Kathie, of Monroe, CT, has been a nurse all her life, and as the demands of her job increased so did the pain in her legs.
“I knew I had hereditary varicose veins but it just kept getting worse and worse.”
And she was not alone. According to the American College of Phlebology, it is estimated that more than 80 million Americans suffer from some form of venous disease, but most only seek treatment when the disease worsens.
“Symptoms are very subtle and begin an early age, so people are much more inclined to live with them,” said Dr. Alex Afshar, a board-certified family practice physician who is the Medical Director and President of The Vein Institute of Connecticut in Newtown, and an expert in the diagnosis and treatment of venous disease.
But what is venous disease?
“In a nutshell, it is a blood flow issue,” Afshar explains.
In normal circulation, arteries carry blood from the heart to the body, and veins return the blood to the heart. Veins have one-way valves, and when the valve opens, blood flows against gravity toward the heart. When the valve closes, blood is prevented from flowing backward.
“The problem occurs when the valves don’t close properly and the blood begins to flow back down the leg, towards gravity. The reverse blood flow causes pooling and vein-wall weakening.”
Although 70 percent of patients who seek treatment are women, since pregnancy puts them at a higher risk of the disease, it occurs almost as often in men as in women.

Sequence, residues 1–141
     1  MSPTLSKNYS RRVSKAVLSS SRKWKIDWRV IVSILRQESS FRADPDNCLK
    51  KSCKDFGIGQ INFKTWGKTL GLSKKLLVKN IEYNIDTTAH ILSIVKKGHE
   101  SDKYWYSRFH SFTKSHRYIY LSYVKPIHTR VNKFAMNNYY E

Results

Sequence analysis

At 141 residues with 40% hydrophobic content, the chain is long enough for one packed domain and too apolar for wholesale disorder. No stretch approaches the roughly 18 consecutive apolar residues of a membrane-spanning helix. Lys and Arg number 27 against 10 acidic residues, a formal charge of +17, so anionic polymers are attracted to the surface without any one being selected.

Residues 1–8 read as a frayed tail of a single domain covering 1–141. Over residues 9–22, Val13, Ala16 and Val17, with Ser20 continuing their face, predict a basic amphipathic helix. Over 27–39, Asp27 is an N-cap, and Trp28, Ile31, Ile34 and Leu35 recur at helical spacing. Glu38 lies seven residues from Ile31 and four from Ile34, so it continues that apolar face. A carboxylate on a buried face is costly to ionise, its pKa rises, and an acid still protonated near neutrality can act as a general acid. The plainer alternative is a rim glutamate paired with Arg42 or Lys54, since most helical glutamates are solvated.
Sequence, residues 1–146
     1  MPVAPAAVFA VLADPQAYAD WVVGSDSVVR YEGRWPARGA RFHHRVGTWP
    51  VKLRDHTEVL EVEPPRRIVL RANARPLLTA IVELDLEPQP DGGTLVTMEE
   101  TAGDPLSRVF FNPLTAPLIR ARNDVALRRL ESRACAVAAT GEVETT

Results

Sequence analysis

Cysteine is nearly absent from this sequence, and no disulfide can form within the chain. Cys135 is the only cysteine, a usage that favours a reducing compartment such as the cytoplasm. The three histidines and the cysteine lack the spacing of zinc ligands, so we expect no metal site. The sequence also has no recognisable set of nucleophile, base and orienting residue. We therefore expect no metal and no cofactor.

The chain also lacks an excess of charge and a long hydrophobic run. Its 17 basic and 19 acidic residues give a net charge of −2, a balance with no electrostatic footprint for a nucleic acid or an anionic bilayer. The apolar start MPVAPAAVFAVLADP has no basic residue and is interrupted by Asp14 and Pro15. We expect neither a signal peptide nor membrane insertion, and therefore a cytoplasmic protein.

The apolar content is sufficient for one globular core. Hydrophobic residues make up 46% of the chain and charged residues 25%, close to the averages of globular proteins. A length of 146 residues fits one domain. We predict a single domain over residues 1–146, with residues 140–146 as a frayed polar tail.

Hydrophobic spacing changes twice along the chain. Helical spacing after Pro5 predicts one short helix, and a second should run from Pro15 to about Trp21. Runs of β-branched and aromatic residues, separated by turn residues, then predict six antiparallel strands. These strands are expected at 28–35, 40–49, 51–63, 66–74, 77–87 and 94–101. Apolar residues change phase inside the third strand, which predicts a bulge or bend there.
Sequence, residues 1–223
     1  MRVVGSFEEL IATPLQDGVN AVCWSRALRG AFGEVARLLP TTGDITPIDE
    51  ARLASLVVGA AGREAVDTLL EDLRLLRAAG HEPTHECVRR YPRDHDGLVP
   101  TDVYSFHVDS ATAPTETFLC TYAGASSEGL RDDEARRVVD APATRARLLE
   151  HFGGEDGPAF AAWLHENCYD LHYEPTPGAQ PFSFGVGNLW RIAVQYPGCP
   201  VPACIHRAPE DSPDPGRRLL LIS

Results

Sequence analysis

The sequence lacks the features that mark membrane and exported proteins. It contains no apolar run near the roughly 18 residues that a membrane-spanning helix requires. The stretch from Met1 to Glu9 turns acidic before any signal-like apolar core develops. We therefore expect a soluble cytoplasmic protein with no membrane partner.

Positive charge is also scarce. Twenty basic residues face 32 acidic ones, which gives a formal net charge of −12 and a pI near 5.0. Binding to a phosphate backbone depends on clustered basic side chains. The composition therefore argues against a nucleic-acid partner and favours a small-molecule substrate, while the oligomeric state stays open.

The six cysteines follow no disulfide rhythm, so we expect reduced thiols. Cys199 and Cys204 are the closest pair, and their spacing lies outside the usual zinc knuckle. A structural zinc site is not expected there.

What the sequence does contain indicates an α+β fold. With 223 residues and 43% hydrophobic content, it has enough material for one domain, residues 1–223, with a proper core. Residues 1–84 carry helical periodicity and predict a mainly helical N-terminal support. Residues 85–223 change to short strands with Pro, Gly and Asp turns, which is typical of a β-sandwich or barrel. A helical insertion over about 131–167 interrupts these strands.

Symptoms of venous disease include aching throbbing, pain, heaviness and swelling, as well as night cramps, burning and itching. People may also experience numbness, weakness, and paresthesias — a feeling of “pins and needles” in the leg.
“If your legs get tired at the end of the day, [and] you elevate them on a coffee table and they feel better, that may be a sign. Everyone gets tired, but elevating your legs and immediately feeling relief could be venous congestion or blood pooling in your legs.”
For the past three years, the Vein Institute has been treating venous disease with three different procedures: endovenous laser ablation, foam sclerotherapy and ambulatory phlebectomy.
All are nonsurgical, one-hour, in-office procedures performed under local anesthesia. They were introduced in Europe and were approved by the U.S. Food and Drug Administration in 2002.
Most insurance companies, including Medicare, do cover medically necessary vein treatments. For those who do not have insurance, the Vein Institute offers cash discounts and an 18-month interest free financing option.
“Our goal is to make vein treatments as accessible as possible for anyone who needs them,” said Cassie Costa, Vein Institute of Connecticut Coordinator.
And according to Kathie, her treatment at the Vein Institute was life changing.
“The significant pain in my legs is completely gone. I will be able to proudly wear a pair of shorts this summer,” she said, adding, “There was a great deal of patient education; the patient care aspect of it was outstanding. I can